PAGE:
Coronavirus and Violence: Q&A with Champion Garen Wintemute

Garen Wintemute standing between hospital beds
Center for Violence Prevention Research Champion Garen Wintemute M.D., M.P.H., is the director of the UC Firearm Violence Research Center and a practicing emergency physician.
By Ashley Han

Stay-at-home orders due to the COVID-19 pandemic may protect people from the disease, but another aspect of public safety is at risk. The accompanying social isolation may increase violence, especially for those in abusive relationship who are sheltering in place with their abuser.

Garen Wintemute, M.D., M.P.H., director of the UC Firearm Violence Research Center and champion of the Center for Violence Prevention Research Big Idea, discusses the impact of the pandemic on public safety.

Q: What is the primary message you hope people know about social distancing?

A: As a practicing emergency physician, I want to stress the importance of masking and distancing. In May and through the summer we are likely to see cases and deaths increase, and people need to keep themselves and their families safe. Earlier today I wrote this to my colleagues and my family: The more other people stop wearing masks and distancing, the more important it will be that you and yours continue. Please do!

Q: What is the biggest public safety risk of sheltering at home?

A: There is very solid evidence that bringing a firearm into the home increases the risk of violence in the home, and more such evidence will be published soon. In the current situation, I would add that everyone’s under increased stress, for many reasons. It’s important to get help if the situation gets critical.

Q: What do you hope we learn as a society from this unprecedented time?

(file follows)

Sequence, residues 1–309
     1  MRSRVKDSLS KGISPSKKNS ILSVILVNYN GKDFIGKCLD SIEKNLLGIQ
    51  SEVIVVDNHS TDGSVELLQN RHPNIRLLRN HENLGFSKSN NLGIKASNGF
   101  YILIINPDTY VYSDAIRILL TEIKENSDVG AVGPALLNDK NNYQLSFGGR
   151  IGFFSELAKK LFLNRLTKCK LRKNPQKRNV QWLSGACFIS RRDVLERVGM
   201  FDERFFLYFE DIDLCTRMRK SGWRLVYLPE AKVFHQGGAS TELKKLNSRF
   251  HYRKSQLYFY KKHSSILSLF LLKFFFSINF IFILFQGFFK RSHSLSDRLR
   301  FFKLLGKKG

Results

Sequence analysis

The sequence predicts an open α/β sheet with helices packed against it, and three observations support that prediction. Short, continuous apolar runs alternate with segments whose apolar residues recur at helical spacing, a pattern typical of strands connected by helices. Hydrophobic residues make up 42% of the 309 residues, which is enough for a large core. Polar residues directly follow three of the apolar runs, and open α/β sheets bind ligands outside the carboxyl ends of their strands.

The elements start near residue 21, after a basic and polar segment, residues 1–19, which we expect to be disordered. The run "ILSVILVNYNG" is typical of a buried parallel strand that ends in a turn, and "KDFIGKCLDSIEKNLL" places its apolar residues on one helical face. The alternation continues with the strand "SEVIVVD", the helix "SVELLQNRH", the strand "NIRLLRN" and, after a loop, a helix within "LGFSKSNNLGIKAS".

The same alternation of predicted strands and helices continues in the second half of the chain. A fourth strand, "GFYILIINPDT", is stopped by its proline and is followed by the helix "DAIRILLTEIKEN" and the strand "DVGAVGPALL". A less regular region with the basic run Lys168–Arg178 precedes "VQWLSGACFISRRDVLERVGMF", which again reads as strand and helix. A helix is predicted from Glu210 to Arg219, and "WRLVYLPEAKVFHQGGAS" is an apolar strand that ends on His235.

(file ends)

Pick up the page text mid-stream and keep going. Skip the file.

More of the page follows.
A: I hope we learn that we’re stronger when we work together. Divisiveness is even more harmful under adverse conditions. I also hope we learn that ignoring the evidence comes at a high cost. I believe, with great sadness, that we’re about to pay that cost.

Q: What is your outlook on the future of science and medicine?

A: My colleagues and I are in this for the long haul. We believe firmly in the power of engaged science to help make the world a better place, and we believe that science’s contribution is needed now more than ever.

Q: What can people do to protect their own safety?

A: If we’re talking about violence, there’s good advice on all this at our What You Can Do website. The site is designed for health professionals, but the material is accessible for all and is full of actionable information.

UC Davis support services acknowledge that this time brings increased risk. All university support and reporting services are always available to campus and community members. For more information on resources, read here.

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